Wallace Cameron, describing the morning of the attack on the Italian defences in the harbour town.

The 6th Division began their assault assisted by air support and naval gunfire and under the cover of an artillery barrage. The naval gunfire included ships from the Australian Scrap Iron Flotilla. The 16th brigade was the first to attack from the west at dawn. They blew gaps in the barbed wire and filled in and broke down the sides of the anti-tank ditch with picks and shovels. This allowed the supporting Matilda tanks into the Italian defences, where the combined force took over 8,000 prisoners.

  we had to crawl through this barbed wire fence, go through there and they had their defences in concrete, they’d been there for years, the Italians, reinforced concrete, men lived in it, 300 hundred men lived in [the bunker]

Wallace Cameron, describing the attack.
Battle of Bardia. Position at dusk on 3 January 1941.

Bardia is Won

Next the 17th Australian Infantry Brigade exploited the breach made in the perimeter and pressed south as far as a secondary line of defences known as the Switch Line. The next day, the 16th Australian Infantry Brigade captured the township of Bardia, cutting the fortress in two.

With this the Italian defences started to crumble. Thousands more prisoners were taken and the Italian garrison now held out only in the northern and southernmost parts of the fortress. These surrendered the following day, the Australians captured a total of 36,000 Italian prisoners.

By the end of the battle, the Australian 6th Division lost 136 men and saw well over 300 wounded. However, they had captured tens of thousands of Italian soldiers, along with hundreds of guns, light and medium tanks, and plenty of military equipment. With the capturing of the site came two well-equipped field hospitals and various modes of military transport, including trucks, motorcycles, and horses.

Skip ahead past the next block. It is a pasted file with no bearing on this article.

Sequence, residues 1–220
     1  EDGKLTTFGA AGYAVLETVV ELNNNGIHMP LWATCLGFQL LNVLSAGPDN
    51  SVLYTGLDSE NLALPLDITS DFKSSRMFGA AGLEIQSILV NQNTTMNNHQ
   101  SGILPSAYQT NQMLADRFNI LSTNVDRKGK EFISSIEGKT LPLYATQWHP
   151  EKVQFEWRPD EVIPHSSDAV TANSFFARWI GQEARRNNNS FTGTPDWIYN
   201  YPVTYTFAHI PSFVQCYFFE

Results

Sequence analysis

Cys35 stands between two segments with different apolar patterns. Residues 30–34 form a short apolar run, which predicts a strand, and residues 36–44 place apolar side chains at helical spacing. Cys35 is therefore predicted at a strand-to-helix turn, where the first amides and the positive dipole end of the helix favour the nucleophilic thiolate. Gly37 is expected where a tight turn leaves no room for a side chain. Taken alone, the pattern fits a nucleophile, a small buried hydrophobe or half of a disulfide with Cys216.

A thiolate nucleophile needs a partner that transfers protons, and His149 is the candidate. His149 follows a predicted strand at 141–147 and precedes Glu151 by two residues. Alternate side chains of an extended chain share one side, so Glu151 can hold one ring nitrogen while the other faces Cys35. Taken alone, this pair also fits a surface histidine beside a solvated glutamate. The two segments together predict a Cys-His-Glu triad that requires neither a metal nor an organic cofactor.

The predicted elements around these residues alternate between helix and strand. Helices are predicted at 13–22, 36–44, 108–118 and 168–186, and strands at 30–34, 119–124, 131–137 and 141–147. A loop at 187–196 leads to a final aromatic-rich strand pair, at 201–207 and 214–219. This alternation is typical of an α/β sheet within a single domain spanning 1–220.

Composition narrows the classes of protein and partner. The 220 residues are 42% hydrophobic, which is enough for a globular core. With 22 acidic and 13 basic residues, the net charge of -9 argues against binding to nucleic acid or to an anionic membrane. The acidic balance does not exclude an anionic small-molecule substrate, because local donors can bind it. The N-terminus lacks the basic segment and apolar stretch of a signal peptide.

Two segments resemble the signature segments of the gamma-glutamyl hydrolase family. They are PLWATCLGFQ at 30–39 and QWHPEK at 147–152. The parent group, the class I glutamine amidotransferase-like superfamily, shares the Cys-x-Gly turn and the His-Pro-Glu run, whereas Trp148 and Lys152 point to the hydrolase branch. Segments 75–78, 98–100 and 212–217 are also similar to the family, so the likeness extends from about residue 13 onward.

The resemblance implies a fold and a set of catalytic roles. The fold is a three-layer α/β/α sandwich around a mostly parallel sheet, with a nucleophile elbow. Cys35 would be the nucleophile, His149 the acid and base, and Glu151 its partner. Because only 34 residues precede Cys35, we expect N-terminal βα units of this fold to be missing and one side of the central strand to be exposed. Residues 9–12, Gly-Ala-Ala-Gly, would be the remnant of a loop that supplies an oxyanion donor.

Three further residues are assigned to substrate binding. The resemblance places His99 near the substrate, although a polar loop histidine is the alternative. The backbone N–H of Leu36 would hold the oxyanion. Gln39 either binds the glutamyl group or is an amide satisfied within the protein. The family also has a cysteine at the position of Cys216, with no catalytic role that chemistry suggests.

Thousands of Italian prisoners captured at Bardia

The battle of Bardia lasted about 3½ days, it was an overwhelming victory. It was very well received and Wavel thought this is good we will keep going. The next step was Tobruk which was the major port. We had a rest for about 2 days as I remember, I know I had my birthday at Bardia and I thought what a bloody good way to spend a birthday. I was 23.

-Phillip Wortham

The success of the Australian 6th Division didn’t stop at Bardia. They, along with the British forces, pushed the Italian troops further into Libya. Eventually, the 6th was moved to defend Greece.

Soldiers of the 2/2nd Batalion celebrate victory at Bardia

According to Sergeant Henry Gullet of the 2/6th battalion, who later became a member of the Australian Parliament, there was no questioning their involvement in the Battle or Australia’s involvement in the war:

It did not strike us as extraordinary or unfair that our generation should be called upon to fight. As volunteers we were there of our own free choice anyhow. Neither did we believe in our hearts that our country was threatened and that we were fighting for Australia’s existence. Even when the Japanese came in we did not think that. But we knew England’s position was very serious and that we should help her as our fathers had done. It was the order of things.

– Henry “Jo” Gullett
British Victories in Libya.

Bardia moved between Allied and Axis control throughout the next two years until late 1942. However, this should not overshadow the early success of the Australian 6th Division in Bardia. The 6th Division conquered Bardia with 16,000 men – ordinary men like Phillip Wortham and Wallace Cameron – facing tens of thousands of Italian troops. The Australian troops more than proved themselves in their first engagement, an indication of how they would perform time and time again in the following five years.

Podcast Episodes about the Battle of Bardia

This project commemorating the service by Victorians in the Mediterranean theatre of WW2 was supported by the Victorian Government and the Victorian Veterans Council. Sign up to the newsletter at the bottom of the page to be notified when the next article in this project is released.